The Art of War (1910) PDF book by Sun Tzu

The Art of War (1910) 

The Art of War
The Art of War


Translated by Lionel Giles
Excerpt from the translator's introduction:

Yes. - Sun Tzu went on: When I say "Eyes front," you must look straight ahead. When I say "Left turn," you must face towards your left hand. When I say "Right turn," you must face towards your right hand. When I say "About turn," you must face right round towards the back. Again the girls assented. The words of command having been thus explained, he set up the halberds and battle-axes in order to begin the drill. Then, to the sound of drums, he gave the order "Right turn." But the girls only burst out laughing. Sun Tzu said: If words of command are not clear and distinct, if orders are not thoroughly understood, then the general is to blame. So he started drilling them again.


With a view to obviating this difficulty so far as Sun Tzu is concerned, I have also appended a complete concordance of Chinese characters, following in this the admirable example of Legge, though an alphabetical arrangement has been preferred to the distribution under radicals which he adopted. Another feature borrowed from "The Chinese Classics" is the printing of text, translation, and notes on the same page; the notes, however, are inserted, according to the Chinese method, immediately after the passages to which they refer. From the mass of native commentary, my aim has been to extract the cream only, adding the Chinese text here and there when it seemed to present points of literary interest. Though constituting in itself an important branch of Chinese literature, very little commentary of this kind has hitherto been made directly accessible by translation.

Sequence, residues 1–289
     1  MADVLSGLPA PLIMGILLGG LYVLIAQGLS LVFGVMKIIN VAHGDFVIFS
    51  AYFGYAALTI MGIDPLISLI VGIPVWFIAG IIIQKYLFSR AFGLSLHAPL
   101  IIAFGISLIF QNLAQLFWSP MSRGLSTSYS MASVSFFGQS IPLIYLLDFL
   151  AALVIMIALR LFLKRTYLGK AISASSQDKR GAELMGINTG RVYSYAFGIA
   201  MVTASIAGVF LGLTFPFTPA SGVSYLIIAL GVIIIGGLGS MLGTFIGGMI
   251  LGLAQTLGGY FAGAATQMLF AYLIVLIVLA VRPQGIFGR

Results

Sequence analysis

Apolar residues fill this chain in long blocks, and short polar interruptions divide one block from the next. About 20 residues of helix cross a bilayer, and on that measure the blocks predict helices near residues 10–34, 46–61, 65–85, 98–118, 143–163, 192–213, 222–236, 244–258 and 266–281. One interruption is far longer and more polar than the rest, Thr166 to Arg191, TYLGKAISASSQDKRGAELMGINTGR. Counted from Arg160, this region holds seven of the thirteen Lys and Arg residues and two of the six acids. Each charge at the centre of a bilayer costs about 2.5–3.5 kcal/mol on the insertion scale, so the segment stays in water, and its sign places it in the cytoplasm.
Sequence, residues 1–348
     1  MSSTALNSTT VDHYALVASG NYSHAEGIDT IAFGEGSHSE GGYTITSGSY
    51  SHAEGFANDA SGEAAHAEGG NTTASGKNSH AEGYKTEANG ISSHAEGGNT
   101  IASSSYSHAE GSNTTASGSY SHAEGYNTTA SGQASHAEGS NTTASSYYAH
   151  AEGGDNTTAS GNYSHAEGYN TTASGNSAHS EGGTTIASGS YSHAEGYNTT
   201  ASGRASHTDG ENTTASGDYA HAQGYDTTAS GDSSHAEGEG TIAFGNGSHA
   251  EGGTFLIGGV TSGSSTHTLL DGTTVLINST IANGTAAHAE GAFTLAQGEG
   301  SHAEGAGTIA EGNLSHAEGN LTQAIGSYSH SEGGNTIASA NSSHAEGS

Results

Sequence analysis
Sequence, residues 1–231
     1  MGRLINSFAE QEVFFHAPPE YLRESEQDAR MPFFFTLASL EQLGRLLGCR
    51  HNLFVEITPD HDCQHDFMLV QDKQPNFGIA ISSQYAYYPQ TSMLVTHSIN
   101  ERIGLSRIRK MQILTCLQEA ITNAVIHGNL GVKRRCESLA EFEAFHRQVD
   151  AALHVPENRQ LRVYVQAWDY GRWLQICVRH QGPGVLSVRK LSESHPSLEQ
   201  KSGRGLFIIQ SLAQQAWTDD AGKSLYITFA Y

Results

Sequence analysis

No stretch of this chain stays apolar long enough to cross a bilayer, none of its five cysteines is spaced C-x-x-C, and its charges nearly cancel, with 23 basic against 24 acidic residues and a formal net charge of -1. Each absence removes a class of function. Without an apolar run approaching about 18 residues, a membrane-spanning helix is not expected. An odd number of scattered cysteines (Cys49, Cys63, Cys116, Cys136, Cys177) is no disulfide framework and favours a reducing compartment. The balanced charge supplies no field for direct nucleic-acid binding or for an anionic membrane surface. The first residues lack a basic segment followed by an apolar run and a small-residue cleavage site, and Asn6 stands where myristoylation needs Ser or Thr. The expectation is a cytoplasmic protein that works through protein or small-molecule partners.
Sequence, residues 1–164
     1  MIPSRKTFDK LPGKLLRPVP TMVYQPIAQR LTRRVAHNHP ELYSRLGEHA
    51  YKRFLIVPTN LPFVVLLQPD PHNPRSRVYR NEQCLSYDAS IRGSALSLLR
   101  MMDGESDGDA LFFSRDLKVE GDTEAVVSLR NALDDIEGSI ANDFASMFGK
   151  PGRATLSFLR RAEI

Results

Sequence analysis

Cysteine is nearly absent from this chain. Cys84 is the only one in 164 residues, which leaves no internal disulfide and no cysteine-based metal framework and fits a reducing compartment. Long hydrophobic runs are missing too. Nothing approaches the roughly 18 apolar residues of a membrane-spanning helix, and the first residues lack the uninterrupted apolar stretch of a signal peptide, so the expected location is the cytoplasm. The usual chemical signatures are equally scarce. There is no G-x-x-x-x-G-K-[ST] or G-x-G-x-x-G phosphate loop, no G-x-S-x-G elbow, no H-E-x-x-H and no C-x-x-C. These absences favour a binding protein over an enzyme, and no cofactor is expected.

I may say in conclusion that, owing to the printing off of my sheets as they were completed, the work has not had the benefit of a final revision. On a review of the whole, without modifying the substance of my criticisms, I might have been inclined in a few instances to temper their asperity. Having chosen to wield a bludgeon, however, I shall not cry out if in return I am visited with more than a rap over the knuckles. Indeed, I have been at some pains to put a sword into the hands of future opponents by scrupulously giving either text or reference for every passage translated. A scathing review, even from the pen of the Shanghai critic who despises "mere translations," would not, I must confess, be altogether unwelcome. For, after all, the worst fate I shall have to dread is that which befell the ingenious paradoxes of George in The Vicar of Wakefield.

Sun Tzu was a Chinese general, military strategist, writer, and philosopher who lived in the Eastern Zhou period of ancient China. Sun Tzu is traditionally credited as the author of The Art of War, an influential work of military strategy that has affected both Western and East Asian philosophy and military thinking.


Contents of the book
  • PREFACE 
  • INTRODUCTION
  • Sun Tzu and his Book xi
  • The Text of Sun Tzu xxx
  • The Commentators xxxiv
  • Appreciations of Sun Tzu xlii
  • Apologies for war xliii
  • Bibliography 1
  •  Laying Plans i
  • Waging War 9
  • Attack by Stratagem 17
  • Tactical Dispositions 26
  • Energy 33
  • Weak Points and Strong 42
  • Maneuvering 55
  • The. Variation of Tactics 71
  • the Army on the March 80
  • Terrain 100
  • The Nine Situations 114
  • The Attack by Fire 150
  • The Use of Spies. 160
  • CHINESE CONCORDANCE 176
  • INDEX 192
Lionel Giles was a British sinologist, writer, and philosopher. Lionel Giles served as assistant curator at the British Museum and Keeper of the Department of Oriental Manuscripts and Printed Books. He is most notable for his 1910 translation of The Art of War by Sun Tzu and The Analects of Confucius

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